Jodie Boucher, who runs Carr Croft in Leeds, spoke of her “immense pride” of the home’s record but said there is no “magic secret” other than simply “following the rules” – which includes regular tests for staff and frequent risk assessments.
She spoke just days after official figures revealed that 30,000 deaths had occurred among care home residents since the start of the pandemic last year.
Boucher described her 26 elderly residents, some of whom have dementia, as her “extended family” and said she would “do anything in the world” for them.
The 43-year-old even decided to avoid seeing her two children on Christmas Day so that she could be with her residents without having to worry about passing anything on.
It's thought Carr Croft is one of only a handful of care homes in the UK which have avoided a single positive coronavirus test since the pandemic began.
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The home was locked down during spring with the rest of the country before restrictions were eased, which enabled residents to enjoy garden visits with loved ones.
The home was locked down again in November ahead of a slight easing over Christmas before the third and current lockdown was implemented this month.
All those living at Carr Croft have now been vaccinated, which Ms Boucher said has given everyone a “little boost” despite the ongoing lockdown.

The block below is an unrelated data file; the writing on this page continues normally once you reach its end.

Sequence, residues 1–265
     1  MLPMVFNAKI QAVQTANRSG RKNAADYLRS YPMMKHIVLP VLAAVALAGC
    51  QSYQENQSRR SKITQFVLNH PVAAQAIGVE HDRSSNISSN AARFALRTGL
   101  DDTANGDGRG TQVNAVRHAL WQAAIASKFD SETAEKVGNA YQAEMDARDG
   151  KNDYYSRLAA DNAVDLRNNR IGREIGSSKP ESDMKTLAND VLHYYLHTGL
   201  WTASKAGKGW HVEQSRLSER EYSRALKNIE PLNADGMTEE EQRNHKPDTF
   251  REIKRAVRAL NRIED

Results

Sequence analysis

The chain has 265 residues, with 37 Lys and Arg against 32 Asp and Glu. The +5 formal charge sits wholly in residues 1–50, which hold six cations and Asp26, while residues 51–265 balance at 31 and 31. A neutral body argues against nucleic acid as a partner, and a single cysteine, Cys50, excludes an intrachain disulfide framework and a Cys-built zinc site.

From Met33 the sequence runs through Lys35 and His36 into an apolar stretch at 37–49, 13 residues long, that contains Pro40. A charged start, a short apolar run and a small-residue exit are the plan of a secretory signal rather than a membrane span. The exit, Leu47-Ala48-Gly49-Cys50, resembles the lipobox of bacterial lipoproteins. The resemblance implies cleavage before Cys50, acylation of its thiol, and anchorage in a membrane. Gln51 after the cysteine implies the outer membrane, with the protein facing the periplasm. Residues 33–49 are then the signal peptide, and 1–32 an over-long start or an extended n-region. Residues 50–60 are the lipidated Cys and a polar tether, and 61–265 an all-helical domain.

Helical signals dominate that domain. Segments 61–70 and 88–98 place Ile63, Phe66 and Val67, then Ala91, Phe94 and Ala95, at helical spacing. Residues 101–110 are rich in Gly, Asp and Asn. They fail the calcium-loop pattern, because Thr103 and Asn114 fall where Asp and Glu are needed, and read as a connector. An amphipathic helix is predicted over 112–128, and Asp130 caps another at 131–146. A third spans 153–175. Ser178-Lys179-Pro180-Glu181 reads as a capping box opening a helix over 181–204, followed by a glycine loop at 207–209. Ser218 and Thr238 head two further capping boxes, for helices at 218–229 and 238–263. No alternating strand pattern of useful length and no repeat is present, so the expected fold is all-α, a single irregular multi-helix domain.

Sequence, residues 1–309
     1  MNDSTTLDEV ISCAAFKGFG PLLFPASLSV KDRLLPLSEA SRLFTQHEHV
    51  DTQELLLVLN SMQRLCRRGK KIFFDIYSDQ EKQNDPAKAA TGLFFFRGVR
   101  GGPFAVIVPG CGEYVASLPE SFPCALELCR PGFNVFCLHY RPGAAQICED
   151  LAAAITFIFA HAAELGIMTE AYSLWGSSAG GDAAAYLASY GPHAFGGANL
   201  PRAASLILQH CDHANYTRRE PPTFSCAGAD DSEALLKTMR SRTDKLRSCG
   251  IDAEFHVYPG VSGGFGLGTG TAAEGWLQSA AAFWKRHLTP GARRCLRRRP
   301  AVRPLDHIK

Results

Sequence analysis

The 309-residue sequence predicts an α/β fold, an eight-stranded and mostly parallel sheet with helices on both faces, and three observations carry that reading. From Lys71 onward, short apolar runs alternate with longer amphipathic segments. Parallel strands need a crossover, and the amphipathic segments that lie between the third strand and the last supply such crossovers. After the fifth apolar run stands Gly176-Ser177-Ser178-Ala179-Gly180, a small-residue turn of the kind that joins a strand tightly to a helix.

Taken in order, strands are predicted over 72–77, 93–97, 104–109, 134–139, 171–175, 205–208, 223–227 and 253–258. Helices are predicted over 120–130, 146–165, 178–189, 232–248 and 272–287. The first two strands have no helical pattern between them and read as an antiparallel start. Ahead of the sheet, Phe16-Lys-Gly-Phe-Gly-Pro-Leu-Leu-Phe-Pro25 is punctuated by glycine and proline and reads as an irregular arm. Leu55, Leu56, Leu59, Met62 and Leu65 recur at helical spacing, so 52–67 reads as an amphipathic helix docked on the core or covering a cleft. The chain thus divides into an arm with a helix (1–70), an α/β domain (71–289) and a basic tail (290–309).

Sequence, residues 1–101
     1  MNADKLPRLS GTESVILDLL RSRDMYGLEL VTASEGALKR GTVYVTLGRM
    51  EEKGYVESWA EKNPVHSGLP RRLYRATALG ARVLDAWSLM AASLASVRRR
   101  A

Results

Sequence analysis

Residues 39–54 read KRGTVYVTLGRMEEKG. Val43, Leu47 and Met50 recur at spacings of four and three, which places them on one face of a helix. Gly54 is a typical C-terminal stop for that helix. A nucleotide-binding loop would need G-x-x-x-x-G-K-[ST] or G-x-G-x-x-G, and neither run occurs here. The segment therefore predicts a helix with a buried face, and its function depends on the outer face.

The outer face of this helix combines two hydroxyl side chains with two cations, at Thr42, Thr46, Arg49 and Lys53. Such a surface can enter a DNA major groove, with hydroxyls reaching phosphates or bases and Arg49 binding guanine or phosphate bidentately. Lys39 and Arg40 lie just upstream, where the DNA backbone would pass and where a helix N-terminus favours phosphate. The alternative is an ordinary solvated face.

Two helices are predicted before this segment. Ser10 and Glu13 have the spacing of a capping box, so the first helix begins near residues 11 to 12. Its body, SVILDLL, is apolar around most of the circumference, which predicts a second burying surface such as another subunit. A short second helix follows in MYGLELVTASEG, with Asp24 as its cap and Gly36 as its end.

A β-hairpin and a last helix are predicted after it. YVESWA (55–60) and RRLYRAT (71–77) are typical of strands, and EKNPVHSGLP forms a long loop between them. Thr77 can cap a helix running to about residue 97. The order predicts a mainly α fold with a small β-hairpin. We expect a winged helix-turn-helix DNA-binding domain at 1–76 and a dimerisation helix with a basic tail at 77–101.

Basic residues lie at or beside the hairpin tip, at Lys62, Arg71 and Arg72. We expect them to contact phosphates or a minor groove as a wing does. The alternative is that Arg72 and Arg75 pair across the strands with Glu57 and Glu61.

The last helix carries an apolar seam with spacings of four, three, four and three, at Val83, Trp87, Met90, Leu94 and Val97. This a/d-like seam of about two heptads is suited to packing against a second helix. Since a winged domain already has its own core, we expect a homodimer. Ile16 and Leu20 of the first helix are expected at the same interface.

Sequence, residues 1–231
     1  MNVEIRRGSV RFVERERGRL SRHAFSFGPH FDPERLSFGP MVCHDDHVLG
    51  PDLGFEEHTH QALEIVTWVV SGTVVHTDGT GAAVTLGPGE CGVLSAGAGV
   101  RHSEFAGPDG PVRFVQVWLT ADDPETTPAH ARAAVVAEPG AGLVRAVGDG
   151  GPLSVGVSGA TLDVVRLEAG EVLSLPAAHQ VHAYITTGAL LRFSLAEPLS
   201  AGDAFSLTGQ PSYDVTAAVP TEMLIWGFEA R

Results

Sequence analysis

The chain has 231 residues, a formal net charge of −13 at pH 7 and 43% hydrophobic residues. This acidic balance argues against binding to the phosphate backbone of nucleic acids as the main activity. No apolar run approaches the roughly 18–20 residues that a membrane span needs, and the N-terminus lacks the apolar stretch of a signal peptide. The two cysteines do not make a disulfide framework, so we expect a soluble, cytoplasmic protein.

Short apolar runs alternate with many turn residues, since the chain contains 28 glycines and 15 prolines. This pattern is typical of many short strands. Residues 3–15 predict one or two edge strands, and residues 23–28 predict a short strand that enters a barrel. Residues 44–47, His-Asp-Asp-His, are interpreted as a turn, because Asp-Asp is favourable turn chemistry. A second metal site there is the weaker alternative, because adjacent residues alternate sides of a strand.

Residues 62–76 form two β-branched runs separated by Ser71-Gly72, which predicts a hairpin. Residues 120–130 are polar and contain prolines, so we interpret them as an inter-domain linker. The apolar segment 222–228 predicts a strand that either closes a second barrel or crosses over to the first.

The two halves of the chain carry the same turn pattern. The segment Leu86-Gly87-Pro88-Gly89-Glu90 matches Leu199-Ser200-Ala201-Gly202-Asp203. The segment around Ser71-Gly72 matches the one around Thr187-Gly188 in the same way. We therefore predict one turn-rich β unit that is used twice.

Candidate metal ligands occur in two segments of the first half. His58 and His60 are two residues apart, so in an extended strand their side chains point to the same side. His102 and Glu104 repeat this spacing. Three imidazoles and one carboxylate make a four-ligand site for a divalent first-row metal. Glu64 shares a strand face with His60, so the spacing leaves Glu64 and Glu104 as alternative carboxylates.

She has put many of the same measures in place as other care homes around the country such as handwashing facilities and access to personal protective equipment on entry.
Boucher said: “There’s no magic secret which explains why we have managed to avoid any positive tests.
“Following the guidance and maintaining a strict testing regime has been key.
“I’m passionate and so are my staff about we do, so we have done everything to the best of our ability.
“I really can’t praise the people I work with enough, they’re wonderful.”
She added: “I’m immensely proud of my brilliant staff and also the lovely residents who live here, everyone has been amazing.
“We’ve really come together to make it work despite all the challenges – and there have been a lot of challenges over the past 12 months.”
Boucher said it has been “heartbreaking” to watch events unfold and that she is concerned about how the perception of care homes may have changed.
She added: “There has been so much negative news that I worry people might have lost trust in what we do.
“I want our home to show that there are good news stories out there, it’s not all doom and gloom everywhere.
“A vast majority of people who work in care are like us – committed to the job. I want the public to see that.”
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